Haiti and the Media

Mon Aug. 29, 2005 12:09 PM EDT

For the past month a group of friends and I have been attempting to raise awareness of the crisis in Haiti. Like Iraq, Haiti is a country in which the U.S. has been meddling for years, and like Iraq, the U.S. helped orchestrate the removal of Haiti's leader. Although it remains disputed the extent to which the U.S. was involved, ousted President Aristide maintains that he was taken hostage and forced to leave the country against his will. And while there is good evidence to support Aristide's claims as well as to suggest that the U.S. backed the armed rebellion that swept into Port-au-Prince in 2004, the U.S. media to this day almost fully refuses to acknowledge what took place. You would think that the press would care a bit more about Haiti given the one major difference with Iraq: Aristide, unlike Saddam, was a democratically elected President so committed to peace that he abolished Haiti's army.

Besides myself, The Heretik has been staying on top of the unfolding crisis, and today he points to some of the NYT's rare and always atrocious coverage on Haiti. Today's article amounts to little more than apologetics for the U.N.'s so-called "peace-keeping" activities.

Consider what happened: On July 6, U.N. troops surrounded one of Haiti's worst shanty-towns, – Cité Soleil – with tanks and helicopters under the pretense of going after a gang leader and his thugs. In the weeks after the attack, the U.N. maintained that only the gang leader and a few armed gang members were killed, despite the countless reports emerging that dozens of innocent people were killed, many women and children. Independent observers who traveled to Haiti speak of the horror of bodies lying in the street being eaten by dogs. All of the victims were supporters of Aristide.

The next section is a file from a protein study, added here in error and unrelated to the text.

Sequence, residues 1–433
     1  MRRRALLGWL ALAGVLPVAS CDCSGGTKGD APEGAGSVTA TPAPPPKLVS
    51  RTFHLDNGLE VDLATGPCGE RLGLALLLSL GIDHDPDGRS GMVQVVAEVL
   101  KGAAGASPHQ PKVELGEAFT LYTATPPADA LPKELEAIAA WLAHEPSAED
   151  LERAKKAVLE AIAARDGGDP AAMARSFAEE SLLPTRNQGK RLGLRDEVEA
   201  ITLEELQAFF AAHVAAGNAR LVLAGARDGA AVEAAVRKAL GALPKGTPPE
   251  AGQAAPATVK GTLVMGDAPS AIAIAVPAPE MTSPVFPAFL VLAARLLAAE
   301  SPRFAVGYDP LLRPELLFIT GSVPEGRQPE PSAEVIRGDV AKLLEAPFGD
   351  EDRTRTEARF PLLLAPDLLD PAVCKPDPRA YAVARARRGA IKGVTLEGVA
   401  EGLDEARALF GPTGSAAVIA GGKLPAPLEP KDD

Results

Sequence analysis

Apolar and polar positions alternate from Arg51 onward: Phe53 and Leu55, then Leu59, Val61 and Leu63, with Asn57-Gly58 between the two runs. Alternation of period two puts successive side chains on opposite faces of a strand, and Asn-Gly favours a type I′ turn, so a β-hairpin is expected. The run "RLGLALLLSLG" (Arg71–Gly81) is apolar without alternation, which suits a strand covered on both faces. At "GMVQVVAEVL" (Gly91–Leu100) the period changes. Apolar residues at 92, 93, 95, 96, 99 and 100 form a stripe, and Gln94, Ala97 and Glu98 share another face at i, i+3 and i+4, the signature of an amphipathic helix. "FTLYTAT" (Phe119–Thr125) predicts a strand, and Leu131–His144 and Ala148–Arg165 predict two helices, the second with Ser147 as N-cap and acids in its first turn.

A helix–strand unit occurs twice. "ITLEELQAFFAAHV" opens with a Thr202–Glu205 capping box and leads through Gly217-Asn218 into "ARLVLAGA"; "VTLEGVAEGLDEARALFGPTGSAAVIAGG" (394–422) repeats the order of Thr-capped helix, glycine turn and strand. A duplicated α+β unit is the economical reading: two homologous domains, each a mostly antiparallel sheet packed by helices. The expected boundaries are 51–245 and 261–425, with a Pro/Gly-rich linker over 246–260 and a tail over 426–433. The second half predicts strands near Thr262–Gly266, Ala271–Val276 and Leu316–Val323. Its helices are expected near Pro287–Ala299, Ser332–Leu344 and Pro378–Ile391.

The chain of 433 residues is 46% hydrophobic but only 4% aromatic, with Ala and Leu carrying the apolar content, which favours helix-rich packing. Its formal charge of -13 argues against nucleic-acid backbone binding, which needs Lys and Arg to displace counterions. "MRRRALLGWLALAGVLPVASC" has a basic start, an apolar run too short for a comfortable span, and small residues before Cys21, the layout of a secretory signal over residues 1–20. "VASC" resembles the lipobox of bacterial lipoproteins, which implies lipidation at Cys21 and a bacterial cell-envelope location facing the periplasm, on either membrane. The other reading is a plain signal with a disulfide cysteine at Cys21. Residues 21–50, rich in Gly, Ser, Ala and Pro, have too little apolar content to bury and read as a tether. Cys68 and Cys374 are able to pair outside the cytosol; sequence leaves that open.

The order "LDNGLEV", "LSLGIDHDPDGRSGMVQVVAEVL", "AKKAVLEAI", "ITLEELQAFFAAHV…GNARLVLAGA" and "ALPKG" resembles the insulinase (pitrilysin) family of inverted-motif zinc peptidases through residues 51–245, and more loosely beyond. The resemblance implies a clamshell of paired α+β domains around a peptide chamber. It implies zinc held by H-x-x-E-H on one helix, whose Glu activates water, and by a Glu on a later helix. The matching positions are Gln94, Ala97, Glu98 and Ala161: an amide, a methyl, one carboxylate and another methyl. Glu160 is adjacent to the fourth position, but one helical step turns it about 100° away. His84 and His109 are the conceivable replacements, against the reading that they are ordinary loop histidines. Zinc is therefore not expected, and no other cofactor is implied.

As The Heretik notes, the NYT's coverage of this event leaves something to be desired. Today's piece essentially blames the impoverished residents of Cité Soleil for the violence the peace-keeping troops inflicted upon them. The story also justifies the violent actions as necessary for democracy!

For United Nations peacekeeping forces, bringing some semblance of order to Cité Soleil and giving its residents a chance to vote in the elections are seen as important steps in establishing a new, credible government in Haiti.
With elections coming up in Haiti in the next few months, we are likely to see more violence against Aristide's supporters and even more denials and rationalizations by the likes of the NYT.

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